Despite failed attempts by Senate Republicans to vote on a resolution to reject the Iran nuclear deal, the debate among members of the U.S. Congress continues.
Recent polling suggests Americans, for their part, are equally divided on the agreement designed to curb Iran’s nuclear program in exchange for relief from crippling economic sanctions.
While the deal looks nearly certain to survive, the implications of the public record on this debate will affect the conversation around the region for decades to come.
Last week, Brookings contributed to that effort by hosting a Brookings Debate on the Iran deal. The specific question at hand: How should congress vote on the Iran nuclear deal?
Arguing in support of the deal’s approval was Brookings Senior Fellow Suzanne Maloney, an expert on Iran and Persian Gulf energy, and Brookings Senior Fellow Bruce Riedel, a 30-year veteran of the CIA and senior advisor on South Asia and the Middle East to the last four U.S. presidents of the United States.
Arguing against the deal were U.S. Senator John McCain (R-AZ) and Brookings Senior Fellow Leon Wieseltier, former literary editor of The New Republic.
CBS’s Major Garrett moderated the debate, asking viewers to vote for or against the deal before the debaters made their case. At the end of the debate, viewers voted again. Here were the results:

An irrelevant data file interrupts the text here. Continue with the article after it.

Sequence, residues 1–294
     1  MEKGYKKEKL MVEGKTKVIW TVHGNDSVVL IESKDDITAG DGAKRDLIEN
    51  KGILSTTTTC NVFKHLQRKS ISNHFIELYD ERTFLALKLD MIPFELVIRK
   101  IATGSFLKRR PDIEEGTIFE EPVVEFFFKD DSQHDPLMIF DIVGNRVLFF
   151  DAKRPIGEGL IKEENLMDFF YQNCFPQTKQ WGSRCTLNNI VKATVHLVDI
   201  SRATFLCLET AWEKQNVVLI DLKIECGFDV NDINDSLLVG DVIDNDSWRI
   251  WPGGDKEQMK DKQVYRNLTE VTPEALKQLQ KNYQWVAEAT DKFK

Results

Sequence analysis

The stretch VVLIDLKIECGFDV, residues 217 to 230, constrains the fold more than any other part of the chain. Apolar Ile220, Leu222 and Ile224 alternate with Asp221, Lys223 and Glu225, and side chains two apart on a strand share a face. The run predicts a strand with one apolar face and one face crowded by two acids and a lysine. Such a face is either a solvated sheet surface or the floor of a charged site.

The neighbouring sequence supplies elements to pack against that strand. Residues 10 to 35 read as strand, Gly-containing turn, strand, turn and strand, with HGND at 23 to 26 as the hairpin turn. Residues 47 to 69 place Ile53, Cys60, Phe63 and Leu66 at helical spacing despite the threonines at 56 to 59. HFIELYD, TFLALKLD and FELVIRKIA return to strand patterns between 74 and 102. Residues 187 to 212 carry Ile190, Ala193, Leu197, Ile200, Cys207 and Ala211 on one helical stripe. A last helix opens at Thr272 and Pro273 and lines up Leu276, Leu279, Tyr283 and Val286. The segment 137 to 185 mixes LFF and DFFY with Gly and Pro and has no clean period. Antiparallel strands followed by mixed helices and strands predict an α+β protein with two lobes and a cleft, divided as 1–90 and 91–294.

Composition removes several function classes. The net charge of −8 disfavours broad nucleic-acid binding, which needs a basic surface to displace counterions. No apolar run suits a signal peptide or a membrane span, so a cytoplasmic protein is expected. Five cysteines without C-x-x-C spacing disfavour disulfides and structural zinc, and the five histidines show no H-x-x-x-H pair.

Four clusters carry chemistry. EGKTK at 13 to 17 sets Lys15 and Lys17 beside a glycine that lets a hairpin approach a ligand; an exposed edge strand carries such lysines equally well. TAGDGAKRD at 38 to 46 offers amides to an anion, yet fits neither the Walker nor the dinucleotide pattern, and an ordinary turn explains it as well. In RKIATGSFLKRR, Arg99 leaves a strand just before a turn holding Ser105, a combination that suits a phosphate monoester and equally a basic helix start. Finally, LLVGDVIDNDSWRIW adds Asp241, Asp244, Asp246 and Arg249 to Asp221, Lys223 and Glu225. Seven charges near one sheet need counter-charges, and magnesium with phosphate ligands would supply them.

After watching the highlights, what do you think? Should Congress approve the deal? Leave your thoughts in the comments.
You can watch the full debate video here.
The question with this administration is, what will Trump see as an acceptable return for this waiver [granted to India for its trade with Russia and Iran]? Will he demand a transaction in return, some give on the trade side or a big defence deal for the US as well? Russia and Iran are sticking points, but the fact that the Trump administration is dealing with these privately is a sign of how much the relationship has changed. [Mr Trump] usually doesn’t give out freebies.
For all of us who care about preventing an Iranian nuclear bomb, what’s the best way to keep preventing that? [The JCPOA is] not perfect, but it’s something. These conventions are never based on the premise that all the parties are telling the truth, it’s about enforcement mechanisms. No arms control agreement is based in trust.